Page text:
Do you silence your creativity to protect yourself?
According to Your Soul Spills Out: The Creative Act Feels Self-Disclosing, a recently published study that dives into the consequences of creativity — specifically, the self-disclosure aspect of expressing creative ideas — when you share a creative idea, people aren’t just making judgments about your idea…
…they’re also making judgments about you.
Jack A. Goncalo of the University of Illinois at Urbana–Champaign first became interested in the link between creativity and self-disclosure after an enlightening comment from Goncalo’s real estate agent. Long story short, while looking at homes for sale and brainstorming ideas for new candle scents, the agent suggested an scent idea “so inappropriate that it stopped the conversation completely.” This made Goncalo start thinking about whether the creative ideas we share are revealing of our true selves and if being creative feels personally disclosing.
So, Goncalo teamed up with Josh Katz, also of the University of Illinois, for a series of five lab experiments:
- During three of the experiments, which involved a total of 600 participants, people were asked to come up with creative ideas as opposed to typical or normal ideas. Researchers found the participants were more likely to think their creative ideas revealed something about themselves.
- For the fourth experiment, which involved another 399 people, participants were asked to brainstorm ideas for new candle scents. Researchers found the participants felt their creative ideas were more self-disclosing when they were asked to stick to a particular category of ideas (for example, come up with only new fruit scents as opposed to any kind of scent).
- The fifth and final experiment involved 326 participants coming up with ideas and sharing them with one another. Researchers found the participants felt they showed more about their personalities when they shared creative ideas as opposed to conventional ones.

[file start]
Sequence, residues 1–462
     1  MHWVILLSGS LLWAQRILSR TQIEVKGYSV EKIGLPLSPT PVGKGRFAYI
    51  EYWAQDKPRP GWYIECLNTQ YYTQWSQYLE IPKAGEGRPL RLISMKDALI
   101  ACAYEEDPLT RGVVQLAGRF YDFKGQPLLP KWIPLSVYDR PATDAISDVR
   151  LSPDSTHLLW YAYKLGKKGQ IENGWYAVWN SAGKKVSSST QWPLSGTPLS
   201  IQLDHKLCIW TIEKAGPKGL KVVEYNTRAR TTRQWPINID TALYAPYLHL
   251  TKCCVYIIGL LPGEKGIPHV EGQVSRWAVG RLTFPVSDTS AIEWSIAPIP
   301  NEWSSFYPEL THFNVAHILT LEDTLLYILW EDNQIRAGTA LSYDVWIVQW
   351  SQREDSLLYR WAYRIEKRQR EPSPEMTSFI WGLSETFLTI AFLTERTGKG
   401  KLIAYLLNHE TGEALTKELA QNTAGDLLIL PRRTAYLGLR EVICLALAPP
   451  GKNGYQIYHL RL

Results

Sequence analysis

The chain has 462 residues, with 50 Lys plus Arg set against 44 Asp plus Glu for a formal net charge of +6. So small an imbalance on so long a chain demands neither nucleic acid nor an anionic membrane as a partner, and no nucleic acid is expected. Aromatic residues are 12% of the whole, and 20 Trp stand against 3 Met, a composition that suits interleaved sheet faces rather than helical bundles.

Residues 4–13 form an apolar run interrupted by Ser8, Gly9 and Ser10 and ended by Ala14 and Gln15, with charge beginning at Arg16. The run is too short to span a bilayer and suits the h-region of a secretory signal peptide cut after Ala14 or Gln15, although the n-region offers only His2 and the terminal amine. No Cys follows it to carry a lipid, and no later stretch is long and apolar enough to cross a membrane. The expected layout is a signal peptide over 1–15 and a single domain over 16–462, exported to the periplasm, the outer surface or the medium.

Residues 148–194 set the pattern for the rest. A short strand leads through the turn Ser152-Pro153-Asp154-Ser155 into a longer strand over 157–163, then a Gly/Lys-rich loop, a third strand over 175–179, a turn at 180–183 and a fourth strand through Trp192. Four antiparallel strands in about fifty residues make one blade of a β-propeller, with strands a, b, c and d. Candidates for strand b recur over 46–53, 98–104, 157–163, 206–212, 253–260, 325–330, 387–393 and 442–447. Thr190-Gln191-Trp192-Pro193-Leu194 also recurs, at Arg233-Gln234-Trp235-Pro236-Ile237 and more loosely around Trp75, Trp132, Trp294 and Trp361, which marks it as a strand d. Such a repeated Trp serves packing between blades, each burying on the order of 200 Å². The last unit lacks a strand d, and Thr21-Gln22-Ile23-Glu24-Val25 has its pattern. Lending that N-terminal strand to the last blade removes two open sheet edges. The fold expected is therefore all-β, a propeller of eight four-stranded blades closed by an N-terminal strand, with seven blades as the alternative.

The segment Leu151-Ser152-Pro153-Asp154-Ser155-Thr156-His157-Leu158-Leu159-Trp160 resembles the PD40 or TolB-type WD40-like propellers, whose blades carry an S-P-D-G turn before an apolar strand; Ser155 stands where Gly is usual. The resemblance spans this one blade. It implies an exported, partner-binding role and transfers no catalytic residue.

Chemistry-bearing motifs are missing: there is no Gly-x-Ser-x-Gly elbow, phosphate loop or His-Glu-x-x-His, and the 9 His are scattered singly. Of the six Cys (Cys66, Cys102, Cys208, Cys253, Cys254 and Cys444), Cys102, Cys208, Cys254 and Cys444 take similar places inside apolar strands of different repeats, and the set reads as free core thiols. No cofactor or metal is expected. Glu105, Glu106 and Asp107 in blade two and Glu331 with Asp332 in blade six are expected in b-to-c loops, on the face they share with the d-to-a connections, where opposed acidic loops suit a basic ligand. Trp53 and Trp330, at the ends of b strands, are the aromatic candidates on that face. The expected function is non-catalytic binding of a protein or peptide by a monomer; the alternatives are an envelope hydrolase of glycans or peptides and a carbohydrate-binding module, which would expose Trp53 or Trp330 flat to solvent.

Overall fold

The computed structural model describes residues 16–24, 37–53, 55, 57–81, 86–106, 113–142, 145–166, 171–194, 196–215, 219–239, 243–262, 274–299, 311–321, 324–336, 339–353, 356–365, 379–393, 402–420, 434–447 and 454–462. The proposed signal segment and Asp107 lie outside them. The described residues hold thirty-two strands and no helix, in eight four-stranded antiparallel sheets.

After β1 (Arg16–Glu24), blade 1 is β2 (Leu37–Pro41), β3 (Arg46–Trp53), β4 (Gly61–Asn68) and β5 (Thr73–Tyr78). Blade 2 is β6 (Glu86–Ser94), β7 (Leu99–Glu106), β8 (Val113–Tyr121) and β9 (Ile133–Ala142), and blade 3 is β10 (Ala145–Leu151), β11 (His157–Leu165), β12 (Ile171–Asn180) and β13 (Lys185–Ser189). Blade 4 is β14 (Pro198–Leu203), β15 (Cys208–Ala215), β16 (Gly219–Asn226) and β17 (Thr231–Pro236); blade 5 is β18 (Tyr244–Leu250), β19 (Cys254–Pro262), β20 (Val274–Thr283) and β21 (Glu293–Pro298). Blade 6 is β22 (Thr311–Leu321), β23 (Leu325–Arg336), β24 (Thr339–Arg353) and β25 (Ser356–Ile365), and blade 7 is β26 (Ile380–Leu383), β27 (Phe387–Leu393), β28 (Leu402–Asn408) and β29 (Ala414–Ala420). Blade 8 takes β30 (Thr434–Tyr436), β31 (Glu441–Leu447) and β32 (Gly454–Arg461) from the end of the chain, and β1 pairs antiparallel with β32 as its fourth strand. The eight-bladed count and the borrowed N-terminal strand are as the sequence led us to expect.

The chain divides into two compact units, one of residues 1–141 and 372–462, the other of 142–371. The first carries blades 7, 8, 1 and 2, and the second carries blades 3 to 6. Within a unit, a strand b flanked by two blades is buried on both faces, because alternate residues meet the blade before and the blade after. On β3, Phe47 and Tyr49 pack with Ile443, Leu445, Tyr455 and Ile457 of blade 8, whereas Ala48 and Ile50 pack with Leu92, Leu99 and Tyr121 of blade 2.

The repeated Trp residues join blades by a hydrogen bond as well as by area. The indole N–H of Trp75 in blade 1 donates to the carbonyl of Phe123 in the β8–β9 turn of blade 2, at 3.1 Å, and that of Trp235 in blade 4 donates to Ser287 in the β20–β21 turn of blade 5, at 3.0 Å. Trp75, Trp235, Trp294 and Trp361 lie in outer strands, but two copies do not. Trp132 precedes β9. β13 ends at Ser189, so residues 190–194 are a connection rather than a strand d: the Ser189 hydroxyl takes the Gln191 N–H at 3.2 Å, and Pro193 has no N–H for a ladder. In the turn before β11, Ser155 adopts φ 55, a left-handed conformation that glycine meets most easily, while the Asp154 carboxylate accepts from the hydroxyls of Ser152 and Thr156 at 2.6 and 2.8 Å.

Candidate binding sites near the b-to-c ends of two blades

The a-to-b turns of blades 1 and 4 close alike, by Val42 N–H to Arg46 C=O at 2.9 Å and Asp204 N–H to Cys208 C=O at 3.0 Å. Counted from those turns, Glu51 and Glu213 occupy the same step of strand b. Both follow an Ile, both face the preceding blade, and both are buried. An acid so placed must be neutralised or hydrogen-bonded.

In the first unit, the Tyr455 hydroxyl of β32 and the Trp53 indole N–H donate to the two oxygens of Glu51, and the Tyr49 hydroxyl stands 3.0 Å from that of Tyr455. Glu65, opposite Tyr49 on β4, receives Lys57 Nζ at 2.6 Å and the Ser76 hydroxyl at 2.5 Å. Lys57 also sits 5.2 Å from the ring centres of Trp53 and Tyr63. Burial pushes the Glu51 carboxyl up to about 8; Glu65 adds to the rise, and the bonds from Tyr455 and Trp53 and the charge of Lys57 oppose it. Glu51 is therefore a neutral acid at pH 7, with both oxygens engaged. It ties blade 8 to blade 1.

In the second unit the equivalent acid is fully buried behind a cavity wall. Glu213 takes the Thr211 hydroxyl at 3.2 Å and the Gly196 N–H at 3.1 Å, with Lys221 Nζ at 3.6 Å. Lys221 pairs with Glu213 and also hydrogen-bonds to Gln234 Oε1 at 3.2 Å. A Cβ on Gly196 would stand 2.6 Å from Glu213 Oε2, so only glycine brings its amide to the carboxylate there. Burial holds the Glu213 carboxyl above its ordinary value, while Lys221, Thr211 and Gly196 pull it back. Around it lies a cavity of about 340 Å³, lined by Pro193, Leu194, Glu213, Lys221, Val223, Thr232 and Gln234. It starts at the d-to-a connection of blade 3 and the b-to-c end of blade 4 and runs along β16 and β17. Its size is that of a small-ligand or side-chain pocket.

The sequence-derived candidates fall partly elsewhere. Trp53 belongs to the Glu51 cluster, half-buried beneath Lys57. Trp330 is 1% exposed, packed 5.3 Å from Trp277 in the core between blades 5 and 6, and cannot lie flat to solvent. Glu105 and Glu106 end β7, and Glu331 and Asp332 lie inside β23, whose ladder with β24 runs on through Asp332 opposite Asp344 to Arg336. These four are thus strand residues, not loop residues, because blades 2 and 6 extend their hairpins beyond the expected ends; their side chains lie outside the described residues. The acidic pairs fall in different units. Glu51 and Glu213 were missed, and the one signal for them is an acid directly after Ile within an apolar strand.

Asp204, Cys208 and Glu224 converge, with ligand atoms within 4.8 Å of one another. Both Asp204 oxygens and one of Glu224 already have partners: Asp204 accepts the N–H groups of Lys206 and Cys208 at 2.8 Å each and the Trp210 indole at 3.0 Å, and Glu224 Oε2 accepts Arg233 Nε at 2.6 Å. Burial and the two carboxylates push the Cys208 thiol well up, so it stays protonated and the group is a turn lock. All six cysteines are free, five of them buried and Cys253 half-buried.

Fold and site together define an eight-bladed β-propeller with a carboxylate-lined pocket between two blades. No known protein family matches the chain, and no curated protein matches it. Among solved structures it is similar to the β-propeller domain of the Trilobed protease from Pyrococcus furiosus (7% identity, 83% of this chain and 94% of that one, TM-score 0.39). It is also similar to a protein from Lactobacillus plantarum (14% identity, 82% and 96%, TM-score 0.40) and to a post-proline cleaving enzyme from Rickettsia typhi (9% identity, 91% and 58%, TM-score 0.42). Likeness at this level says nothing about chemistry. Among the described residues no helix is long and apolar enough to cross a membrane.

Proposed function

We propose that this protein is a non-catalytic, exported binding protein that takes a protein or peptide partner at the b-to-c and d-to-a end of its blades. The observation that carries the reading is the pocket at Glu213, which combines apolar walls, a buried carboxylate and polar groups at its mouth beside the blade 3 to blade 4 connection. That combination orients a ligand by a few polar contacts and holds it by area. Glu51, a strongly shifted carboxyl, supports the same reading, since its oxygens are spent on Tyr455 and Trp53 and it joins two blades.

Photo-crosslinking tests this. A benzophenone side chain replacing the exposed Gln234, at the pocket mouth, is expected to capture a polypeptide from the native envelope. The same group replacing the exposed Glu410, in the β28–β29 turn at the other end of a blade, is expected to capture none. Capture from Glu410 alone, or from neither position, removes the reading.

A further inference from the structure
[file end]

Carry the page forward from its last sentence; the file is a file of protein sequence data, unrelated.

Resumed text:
In the process of being creative, you rely on your own idiosyncratic point of view and unique preferences, thus making the ideas you share revealing of your true self. More importantly, other people listen to your ideas and make judgments about you. We found that when people heard another individual’s creative ideas, they became more confident that their judgments about their personality were accurate. People are not just judging your ideas, they are making personal judgments about you based on your ideas.
These findings don’t surprise me. I’ve often wondered if people formed thoughts about me based on my creative ideas, and I know I’ve made judgments, right or wrong, about others based on their creative ideas. I’m sure others do, too (I mean, it’s right there in the research!).
So, spinning off that, another wonder I have is: Do you silence your creativity to protect yourself?
- If we’re to believe that sharing our creative ideas is an act of self-disclosure (or, at the very least, gives people the tools to form an opinion about us that might or might not be accurate), is that something that makes some of us a little wary about expressing those ideas?
- Do we feel safer keeping our creativity to ourselves?
- If so, what does that say about how we feel about ourselves — that we’d rather avoid sharing our art with others than allow others to get a glimpse of who we really are?
And, if any of that’s true for us, how do we overcome it?